The protein is also grass-fed, which is rare. Grass-fed whey has higher levels of beneficial fats like CLA, but there’s just 1 gram of fat per serving so the fact that it’s grass-fed won’t make much of a practical difference to your health.(2) But grass-fed cows are guaranteed to spend more time outside running around so it might bring some peace of mind in that respect.
Finally, the probiotic bacteria are a real standout. A very exciting area of nutrition research, having a gut with a lot of probiotic bacteria from a lot of different strains has been linked to better immunity, lower inflammation, and even better mental health.(5)(6)(7)(8)
Ladder Whey Price
The more you buy, the cheaper the product gets. If you just want to try it out and not subscribe for regular shipments, you need to buy 8 bags, which come to a little over $3 per serving or 10 to 12 cents per gram of protein.
If you subscribe to 12 per month the cost drops to $2.40 to $2.60 each, or between 9 and 10 cents per gram of protein. Sign up for 30 per month and it drops to $1.90 to $2.10 per serving, or between 7 and 8 cents per gram.
Now, the average protein powder is between 3 and 5 cents per gram so this is on the pricier side, especially if you don’t subscribe. Then again it’s all natural, there’s no soy, it’s got vitamins, it’s got probiotics, amd it’s NSF certified, so there is a lot more going on here than with your standard whey.
Ladder Whey Taste
I tried the Chocolate and the Vanilla flavors. The good news is the Chocolate is great: it’s not too sweet but not too bitter. I’d say it’s more like dark chocolate than milk chocolate but there’s also a real undercurrent of maltiness that helps to round out the flavor.
The Vanilla isn’t that great. It’s quite sweet, closer to an ice cream than a vanilla crème; I’d say it’s bordering on birthday cake. That’s not a problem for me, but it has chalky texture that coats the tongue after you drink it. That element is also there with the Chocolate but it’s more noticeable and unpleasant with the Vanilla.
Ladder Whey: The Takeaway
- All natural, grass fed, no soy
- NSF certified
- Extra vitamins
- Has probiotics
- Much higher in casein than whey
- Not particularly low carb
- Gums can cause digestive discomfort
The biggest downsides here are that Ladder’s whey contains added sugar, isn’t that low in carbs, it’s expensive, and it has more casein than whey. (The casein content doesn’t make it any less anabolic, it just makes the label seem a little inaccurate.)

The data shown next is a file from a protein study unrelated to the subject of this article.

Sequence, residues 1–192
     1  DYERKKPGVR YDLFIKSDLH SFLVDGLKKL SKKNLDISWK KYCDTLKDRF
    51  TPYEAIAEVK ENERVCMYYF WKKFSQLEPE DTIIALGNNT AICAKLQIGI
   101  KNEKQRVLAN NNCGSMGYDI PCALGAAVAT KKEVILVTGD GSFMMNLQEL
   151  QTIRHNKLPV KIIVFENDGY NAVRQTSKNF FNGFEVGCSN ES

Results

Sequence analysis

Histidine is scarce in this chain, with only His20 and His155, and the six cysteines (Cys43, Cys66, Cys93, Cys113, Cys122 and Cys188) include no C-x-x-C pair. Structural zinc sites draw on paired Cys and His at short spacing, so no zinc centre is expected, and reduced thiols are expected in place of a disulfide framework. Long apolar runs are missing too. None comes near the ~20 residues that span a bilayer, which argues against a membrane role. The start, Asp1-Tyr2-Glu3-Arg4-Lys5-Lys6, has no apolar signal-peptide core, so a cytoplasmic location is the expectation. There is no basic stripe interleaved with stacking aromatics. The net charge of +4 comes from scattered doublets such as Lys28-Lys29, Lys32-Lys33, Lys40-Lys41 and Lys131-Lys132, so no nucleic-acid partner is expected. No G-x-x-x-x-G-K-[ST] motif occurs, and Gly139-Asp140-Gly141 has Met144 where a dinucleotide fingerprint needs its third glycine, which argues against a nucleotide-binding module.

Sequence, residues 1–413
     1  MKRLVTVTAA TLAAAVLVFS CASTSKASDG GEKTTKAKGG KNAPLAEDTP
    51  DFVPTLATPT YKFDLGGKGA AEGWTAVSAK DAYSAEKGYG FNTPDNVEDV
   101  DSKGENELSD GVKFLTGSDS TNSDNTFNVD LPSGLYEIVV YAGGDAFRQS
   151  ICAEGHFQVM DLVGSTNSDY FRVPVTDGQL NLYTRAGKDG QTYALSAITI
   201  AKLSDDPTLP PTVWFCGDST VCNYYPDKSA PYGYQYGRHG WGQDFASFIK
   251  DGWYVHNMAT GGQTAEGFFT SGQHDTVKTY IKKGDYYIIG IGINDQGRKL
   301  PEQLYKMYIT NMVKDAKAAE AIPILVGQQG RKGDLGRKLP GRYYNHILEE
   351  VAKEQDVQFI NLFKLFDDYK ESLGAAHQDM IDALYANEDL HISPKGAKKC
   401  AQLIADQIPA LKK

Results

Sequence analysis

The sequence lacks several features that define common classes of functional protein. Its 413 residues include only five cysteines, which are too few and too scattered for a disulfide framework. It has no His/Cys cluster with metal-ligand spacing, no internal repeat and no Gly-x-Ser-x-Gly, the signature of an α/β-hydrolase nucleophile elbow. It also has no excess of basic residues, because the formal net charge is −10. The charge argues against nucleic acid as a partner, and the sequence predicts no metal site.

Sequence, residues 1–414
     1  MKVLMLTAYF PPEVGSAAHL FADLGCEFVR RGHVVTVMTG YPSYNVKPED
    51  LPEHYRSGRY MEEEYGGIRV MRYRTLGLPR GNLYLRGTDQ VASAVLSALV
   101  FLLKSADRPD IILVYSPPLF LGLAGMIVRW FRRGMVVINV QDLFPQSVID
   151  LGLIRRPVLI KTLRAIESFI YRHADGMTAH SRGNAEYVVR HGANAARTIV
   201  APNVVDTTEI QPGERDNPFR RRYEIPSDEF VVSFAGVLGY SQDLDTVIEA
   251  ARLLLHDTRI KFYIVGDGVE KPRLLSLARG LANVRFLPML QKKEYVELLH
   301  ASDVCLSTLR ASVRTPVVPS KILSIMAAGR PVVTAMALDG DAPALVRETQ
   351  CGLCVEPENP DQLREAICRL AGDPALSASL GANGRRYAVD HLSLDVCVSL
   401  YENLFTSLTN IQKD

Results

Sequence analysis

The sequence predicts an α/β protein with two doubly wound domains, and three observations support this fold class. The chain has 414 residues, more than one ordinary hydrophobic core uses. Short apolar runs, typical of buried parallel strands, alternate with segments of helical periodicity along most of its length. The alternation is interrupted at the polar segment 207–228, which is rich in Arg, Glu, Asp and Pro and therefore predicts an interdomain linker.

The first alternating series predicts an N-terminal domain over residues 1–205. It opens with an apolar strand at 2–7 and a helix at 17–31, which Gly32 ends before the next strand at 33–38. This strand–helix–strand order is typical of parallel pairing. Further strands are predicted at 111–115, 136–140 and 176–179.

But it’s NSF certified, it’s all natural, the dairy’s grass fed, there’s no soy, it’s got a bunch of vitamins, and it delivers a big hit of probiotic bacteria. This definitely stands out in the market and if you like Chocolate, I think it might be worth the money, especially if you’re an athlete.
1. Boirie Y, et al. Slow and fast dietary proteins differently modulate postprandial protein accretion. Proc Natl Acad Sci U S A. 1997 Dec 23;94(26):14930-5.
2. Dhiman TR, et al. Conjugated linoleic acid content of milk from cows fed different diets. J Dairy Sci. 1999 Oct;82(10):2146-56.
3. Cinar V, et al. Effects of magnesium supplementation on testosterone levels of athletes and sedentary subjects at rest and after exhaustion. Biol Trace Elem Res. 2011 Apr;140(1):18-23.
4. Christensen R, et al. Effect of calcium from dairy and dietary supplements on faecal fat excretion: a meta-analysis of randomized controlled trials. Obes Rev. 2009 Jul;10(4):475-86.
5. Carvalho BM, et al. Influence of gut microbiota on subclinical inflammation and insulin resistance. Mediators Inflamm. 2013;2013:986734.
6. Le Chatelier E, et al. Richness of human gut microbiome correlates with metabolic markers. Nature. 2013 Aug 29;500(7464):541-6.
7. Messaoudi M, et al. Assessment of psychotropic-like properties of a probiotic formulation (Lactobacillus helveticus R0052 and Bifidobacterium longum R0175) in rats and human subjects. Br J Nutr. 2011 Mar;105(5):755-64.
8. Schmidt K, et al. Prebiotic intake reduces the waking cortisol response and alters emotional bias in healthy volunteers. Psychopharmacology (Berl). 2015 May;232(10):1793-801.